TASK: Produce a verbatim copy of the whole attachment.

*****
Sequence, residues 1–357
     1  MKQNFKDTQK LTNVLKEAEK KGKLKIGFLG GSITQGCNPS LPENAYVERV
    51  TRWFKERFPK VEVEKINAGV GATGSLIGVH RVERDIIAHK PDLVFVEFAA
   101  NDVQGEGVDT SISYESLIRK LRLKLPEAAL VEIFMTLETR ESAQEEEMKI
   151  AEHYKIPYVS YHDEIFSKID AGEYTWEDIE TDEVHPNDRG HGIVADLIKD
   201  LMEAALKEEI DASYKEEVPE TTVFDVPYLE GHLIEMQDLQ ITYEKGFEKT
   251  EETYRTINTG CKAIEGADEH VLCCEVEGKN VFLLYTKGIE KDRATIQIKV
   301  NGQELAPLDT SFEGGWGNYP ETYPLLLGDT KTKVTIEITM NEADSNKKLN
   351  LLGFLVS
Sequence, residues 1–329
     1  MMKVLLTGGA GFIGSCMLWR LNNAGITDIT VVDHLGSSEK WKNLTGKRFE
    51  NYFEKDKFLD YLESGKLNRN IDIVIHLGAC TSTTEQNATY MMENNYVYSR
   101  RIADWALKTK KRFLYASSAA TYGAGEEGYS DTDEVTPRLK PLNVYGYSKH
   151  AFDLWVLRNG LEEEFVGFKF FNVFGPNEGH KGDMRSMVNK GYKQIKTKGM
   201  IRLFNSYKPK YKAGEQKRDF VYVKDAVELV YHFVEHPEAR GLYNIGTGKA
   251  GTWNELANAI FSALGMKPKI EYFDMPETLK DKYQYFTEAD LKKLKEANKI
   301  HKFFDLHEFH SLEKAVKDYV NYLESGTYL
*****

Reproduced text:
Sequence, residues 1–357
     1  MKQNFKDTQK LTNVLKEAEK KGKLKIGFLG GSITQGCNPS LPENAYVERV
    51  TRWFKERFPK VEVEKINAGV GATGSLIGVH RVERDIIAHK PDLVFVEFAA
   101  NDVQGEGVDT SISYESLIRK LRLKLPEAAL VEIFMTLETR ESAQEEEMKI
   151  AEHYKIPYVS YHDEIFSKID AGEYTWEDIE TDEVHPNDRG HGIVADLIKD
   201  LMEAALKEEI DASYKEEVPE TTVFDVPYLE GHLIEMQDLQ ITYEKGFEKT
   251  EETYRTINTG CKAIEGADEH VLCCEVEGKN VFLLYTKGIE KDRATIQIKV
   301  NGQELAPLDT SFEGGWGNYP ETYPLLLGDT KTKVTIEITM NEADSNKKLN
   351  LLGFLVS
Sequence, residues 1–329
     1  MMKVLLTGGA GFIGSCMLWR LNNAGITDIT VVDHLGSSEK WKNLTGKRFE
    51  NYFEKDKFLD YLESGKLNRN IDIVIHLGAC TSTTEQNATY MMENNYVYSR
   101  RIADWALKTK KRFLYASSAA TYGAGEEGYS DTDEVTPRLK PLNVYGYSKH
   151  AFDLWVLRNG LEEEFVGFKF FNVFGPNEGH KGDMRSMVNK GYKQIKTKGM
   201  IRLFNSYKPK YKAGEQKRDF VYVKDAVELV YHFVEHPEAR GLYNIGTGKA
   251  GTWNELANAI FSALGMKPKI EYFDMPETLK DKYQYFTEAD LKKLKEANKI
   301  HKFFDLHEFH SLEKAVKDYV NYLESGTYL